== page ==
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  Fully Funded PhD Scholarship in Gamma Radiation Dose Evaluation (GRaDE) - Outdoor gamma dose evaluation for the Irish population


   College of Science and Engineering

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  Dr Liam Morrison, Dr Eve Daly  No more applications being accepted  Funded PhD Project (Students Worldwide)

About the Project

Applications are invited from suitably qualified candidates for a full-time funded PhD scholarship starting in May 2024, affiliated to the College of Science and Engineering / School of Natural Sciences / Earth and Ocean Sciences / Ryan Institute, at the University of Galway.

University of Galway

Located in the vibrant cultural city of Galway in the west of Ireland, the University of Galway has a distinguished reputation for teaching and research excellence

For information on moving to Ireland please see www.euraxess.ie

Detailed Project Description

External exposure to terrestrial gamma radiation represents a significant component to the total average annual dose received by a person living in Ireland from all sources of ionising radiation. External gamma ray doses from natural radionuclides originate largely from the decay of radionuclides belonging to the radioactive decay series of 238U, 235U and 232Th, as well as from the decay of 40K, all of which have been present on the Earth since its formation. In addition, a number of artificial radionuclides (e.g., 137Cs and 241Am) have been deposited throughout Ireland as a result of fallout from nuclear weapons testing and accidental releases such as those from the Chernobyl and Fukushima nuclear accidents. Since terrestrial gamma radiation depends on the nature of the underlying bedrock and soil composition, as well as the pattern of deposition of artificial radionuclides, an individual’s annual dose as a result of this exposure pathway will largely be determined by their place of residence. Several studies of gamma dose rates from natural and artificial radionuclides in Ireland were conducted in the 1980s and 1990s, and these have formed the basis for the estimation of terrestrial gamma radiation doses in the periodic assessments which are carried out by the EPA on the average annual radiation doses received by the Irish population from all sources of ionising radiation. By undertaking a comprehensive new survey of natural and artificial radionuclide concentrations and gamma ray dose rates throughout Ireland, and linking the results of these ground surveys to the detailed radiometric data generated by the Tellus airborne surveys which have been conducted by the Geological Survey of Ireland since 2012, the GRaDE project aims to develop a better understanding of the geographical distribution of natural and artificial gamma-emitting radionuclide concentrations in the Irish terrestrial environment with a view to providing a more accurate, up to date estimate of the average annual effective dose that a member of the Irish public receives as a result of exposure from terrestrial gamma radiation. By making use of a combination of high-resolution gamma spectrometry measurements, direct gamma dose rates gathered in the field using calibrated field monitors, and the gamma dose rates inferred from available aerial radiometric data on uranium, thorium and potassium concentrations, and 137Cs deposition from the Tellus programme, a set of new, high-resolution maps on radionuclide concentrations and gamma ray dose rates throughout Ireland will be generated using appropriate Geographical Information Systems (GIS) tools. These maps, together with information on population density, will be used to generate a map of outdoor gamma ray doses in Ireland and to investigate the range and average annual doses to a member of the Irish public arising from terrestrial gamma radiation.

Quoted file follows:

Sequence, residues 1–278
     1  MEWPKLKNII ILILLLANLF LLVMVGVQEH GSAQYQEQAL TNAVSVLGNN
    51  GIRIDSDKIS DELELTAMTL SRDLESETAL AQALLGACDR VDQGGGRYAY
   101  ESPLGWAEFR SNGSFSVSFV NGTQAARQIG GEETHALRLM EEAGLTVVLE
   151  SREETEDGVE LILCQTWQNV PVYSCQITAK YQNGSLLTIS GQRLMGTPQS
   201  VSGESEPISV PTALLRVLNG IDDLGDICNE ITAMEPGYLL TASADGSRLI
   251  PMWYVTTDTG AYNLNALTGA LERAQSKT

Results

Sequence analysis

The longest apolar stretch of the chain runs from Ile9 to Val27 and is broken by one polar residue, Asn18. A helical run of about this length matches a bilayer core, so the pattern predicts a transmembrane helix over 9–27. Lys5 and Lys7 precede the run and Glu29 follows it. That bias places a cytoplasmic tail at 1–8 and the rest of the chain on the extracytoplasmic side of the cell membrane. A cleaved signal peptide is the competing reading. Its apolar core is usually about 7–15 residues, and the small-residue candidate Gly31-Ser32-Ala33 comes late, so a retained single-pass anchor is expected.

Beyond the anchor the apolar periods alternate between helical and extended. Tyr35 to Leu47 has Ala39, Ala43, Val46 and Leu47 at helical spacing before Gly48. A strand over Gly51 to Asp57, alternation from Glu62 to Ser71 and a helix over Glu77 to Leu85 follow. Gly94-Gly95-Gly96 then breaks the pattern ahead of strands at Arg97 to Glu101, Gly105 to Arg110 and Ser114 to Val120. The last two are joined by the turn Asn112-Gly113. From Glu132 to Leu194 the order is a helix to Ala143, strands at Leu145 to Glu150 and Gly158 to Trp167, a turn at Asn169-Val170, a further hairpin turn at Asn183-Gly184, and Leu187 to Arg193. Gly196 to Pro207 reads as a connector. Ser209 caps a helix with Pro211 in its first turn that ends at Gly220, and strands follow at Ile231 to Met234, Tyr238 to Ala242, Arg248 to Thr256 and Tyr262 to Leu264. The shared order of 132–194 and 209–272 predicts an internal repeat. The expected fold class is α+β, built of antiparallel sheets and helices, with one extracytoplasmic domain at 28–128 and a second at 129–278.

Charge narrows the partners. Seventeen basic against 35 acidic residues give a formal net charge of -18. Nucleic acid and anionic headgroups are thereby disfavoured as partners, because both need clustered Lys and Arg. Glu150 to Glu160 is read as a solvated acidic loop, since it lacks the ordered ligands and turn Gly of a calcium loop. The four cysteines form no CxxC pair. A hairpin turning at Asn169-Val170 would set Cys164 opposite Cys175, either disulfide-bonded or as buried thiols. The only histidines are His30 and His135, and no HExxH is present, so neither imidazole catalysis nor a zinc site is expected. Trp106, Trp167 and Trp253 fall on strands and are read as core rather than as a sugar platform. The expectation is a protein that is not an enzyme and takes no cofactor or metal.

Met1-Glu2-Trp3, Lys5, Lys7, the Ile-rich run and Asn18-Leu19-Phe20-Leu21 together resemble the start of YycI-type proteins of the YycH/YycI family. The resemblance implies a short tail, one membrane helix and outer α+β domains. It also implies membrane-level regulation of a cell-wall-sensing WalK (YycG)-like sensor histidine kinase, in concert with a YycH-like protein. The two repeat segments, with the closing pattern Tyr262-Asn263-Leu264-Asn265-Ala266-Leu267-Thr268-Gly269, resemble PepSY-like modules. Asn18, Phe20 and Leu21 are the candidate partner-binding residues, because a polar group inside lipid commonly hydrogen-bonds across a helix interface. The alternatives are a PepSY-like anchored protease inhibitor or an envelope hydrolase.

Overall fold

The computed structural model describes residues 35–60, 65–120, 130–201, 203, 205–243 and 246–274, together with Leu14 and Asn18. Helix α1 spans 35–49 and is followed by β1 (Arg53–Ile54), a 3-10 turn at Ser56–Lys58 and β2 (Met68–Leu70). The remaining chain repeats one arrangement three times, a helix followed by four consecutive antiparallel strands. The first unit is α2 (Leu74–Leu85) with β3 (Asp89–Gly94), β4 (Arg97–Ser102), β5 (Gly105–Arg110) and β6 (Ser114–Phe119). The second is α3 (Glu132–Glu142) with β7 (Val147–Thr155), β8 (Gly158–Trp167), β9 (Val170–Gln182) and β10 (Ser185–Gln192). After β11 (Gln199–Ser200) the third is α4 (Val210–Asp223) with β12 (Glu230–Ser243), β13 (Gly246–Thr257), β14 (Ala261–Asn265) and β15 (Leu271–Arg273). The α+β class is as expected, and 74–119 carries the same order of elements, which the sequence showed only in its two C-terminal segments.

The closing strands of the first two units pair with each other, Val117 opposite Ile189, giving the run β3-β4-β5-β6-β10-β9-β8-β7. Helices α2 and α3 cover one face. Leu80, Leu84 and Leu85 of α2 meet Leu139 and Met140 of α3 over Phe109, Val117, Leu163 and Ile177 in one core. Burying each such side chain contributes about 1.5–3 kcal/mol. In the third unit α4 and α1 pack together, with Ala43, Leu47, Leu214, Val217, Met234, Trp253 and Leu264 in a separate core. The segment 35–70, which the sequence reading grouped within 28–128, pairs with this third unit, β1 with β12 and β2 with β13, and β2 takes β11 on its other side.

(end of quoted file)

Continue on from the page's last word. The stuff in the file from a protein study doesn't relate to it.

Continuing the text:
The work undertaken by the PhD student will include a combination of field work (soil sampling), radiometric determination using high-resolution gamma spectrometry with HPGe detectors and in-situ air kerma dose rate measurements using portable detectors. A significant portion of the project work will be undertaken in the EPA’s radioanalytical laboratories which are based in Dublin. It is anticipated that the PhD student will be based in the EPA laboratories (Dublin) for some time during the project.

Living allowance (Stipend): €25,000 per annum, [tax-exempt scholarship award]

University fees: €5,890 including levy

Start date: 01/05/24

Academic Entry Requirements:

Essential

  • Applicants should hold, or expect to attain, as a minimum a 2:1 Honours degree, or equivalent, in Science or Engineering with an interest in environmental monitoring.
  • Good mathematical, computational and instrumentation skills.

Desirable

  • Expertise in Geographic Information Systems (GIS), Geospatial Data Analysis and Remote Sensing
  • Appropriate Masters (Level 9 NFQ) degree or equivalent in GIS or a closely related discipline.
  • Programming experience.
  • Research or industrial experience in GIS and Remote Sensing and Data Analytics.

To Apply for the Scholarship:

Expressions of interest comprising submission of a covering letter, CV, statement of personal research interests, evidence of performance or equivalent and the contact details of two referees, to be submitted via e-mail to:

Contact Name: Dr Liam Morrison and Dr Eve Daly

Contact Email: [Email Address Removed] / [Email Address Removed]

Application Deadline: 11/03 /2024 and time 17:00 (Irish time 24hr format)

Engineering (12) Environmental Sciences (13) Geography (17)

 About the Project